Production BMW i3 revealed
BMW has revealed the final production version of its hugely anticipated i3 electric city car. That’s it in the picture above.
Designed and built from the ground up to run solely on electric power, it is, as we found out earlier this month during a prototype drive, a remarkably good little thing.
The salient details are blindingly simple. It’s got a 125kW electric motor, generating 250Nm of torque instantly, powered by a 230kg high voltage battery that consists of eight modules, sending drive to the rear wheels – and rear wheels alone. This keeps the steering uncorrupted, and gives it a tight turning circle.
It’s light, too. The body is extrememly lightweight, made from a range of materials including carbon fibre reinforced plastic, aluminium and even wood, meaning the whole thing weighs in at just 1195kg. The suspension is made from forged aluminium, the drive shafts are hollow, the 19in forged aluminium wheels are 36 per cent lighter than equivalent steel rims, the door trim is made from renewable materials, and even the ruddy screws and bolts are lightweight aluminium.
That low kerb weight means engineers could make the battery smaller for a given range, which cuts more weight itself, and allied to the 125kW motor and carbon fibre body, this results in a 0-100kph time of 7.2 seconds. Far from shabby, then. More importantly, it’ll do 0-60kph in just 3.7 seconds, a far more accurate reflection of its potential around town, while top speed sits at 150kph.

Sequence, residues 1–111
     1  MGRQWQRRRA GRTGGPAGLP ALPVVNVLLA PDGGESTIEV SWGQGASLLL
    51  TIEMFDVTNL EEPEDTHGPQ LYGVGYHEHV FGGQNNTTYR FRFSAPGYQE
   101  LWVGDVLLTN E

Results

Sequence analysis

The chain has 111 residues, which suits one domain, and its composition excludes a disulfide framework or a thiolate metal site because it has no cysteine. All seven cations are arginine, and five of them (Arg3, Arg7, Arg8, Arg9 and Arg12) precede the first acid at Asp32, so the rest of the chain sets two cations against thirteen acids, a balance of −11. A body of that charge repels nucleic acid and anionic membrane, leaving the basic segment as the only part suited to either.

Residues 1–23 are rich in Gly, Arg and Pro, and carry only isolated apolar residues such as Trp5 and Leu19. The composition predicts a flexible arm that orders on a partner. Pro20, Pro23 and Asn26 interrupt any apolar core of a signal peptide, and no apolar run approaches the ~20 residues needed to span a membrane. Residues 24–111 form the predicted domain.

Of course, with any electric car, the usual talk of ‘range-anxiety’ will inevitably rear its head. As such, the ‘standard’ BMW i3 offers between 140 and 160km, but BMW also offers a i3 Range Extender. That car comes with a tiny 650cc petrol engine developing 24kW, mounted next to the electric motor just above the rear axle, that powers a generator to recharge the battery. There’s a tiny nine-litre fuel tank, and although the 0-100kph sprint for this models drops by over half a second to 7.9s, crucially, you get up to 290km of claimed range.
BMW reckons you can even drive the i3 using just one pedal. Obviously, there are brake and accelerator pedals, but as soon as you lift off the accelerator, the motor switches immediately from drive to generator, feeding power back into the battery. The side-effect of this is to slow the car down. If this brake-energy regen causes the same effect as proper braking, the i3 even illuminates the brake lights.
Now, when we tested the prototype i3, the motor braking wasn’t as powerful as in the Mini E. But, because it’s RWD, any more power on the rear brakes would make it unstable on slippery surfaces. That’s not really ideal.
Inside, there’s the option of four different interiors, allowing buyers to customize the interior to their specification, all featuring sustainable materials including wood, natural fibres and naturally tanned leather.
At this point, you’re probably wondering about a couple of things – recharging and, erm, price. Well, the standard ‘Fast Charging’ unit will replenish the battery up to 80 per cent within three hours – with a special BMW ‘Wallbox’ – or between eight and ten hours from a standard household socket. And as for price? Prices for the standard i3 start at R380k – or R420k for the Range Extender.
It’ll go on sale in November this year (in Europe), though you’ll be able to order it from August. As mentioned, we’ve driven it, and came back suitably impressed. Are you? As a reference point, the Nissan Leaf is over 350kg heavier, less powerful and has a lower range than this i3…
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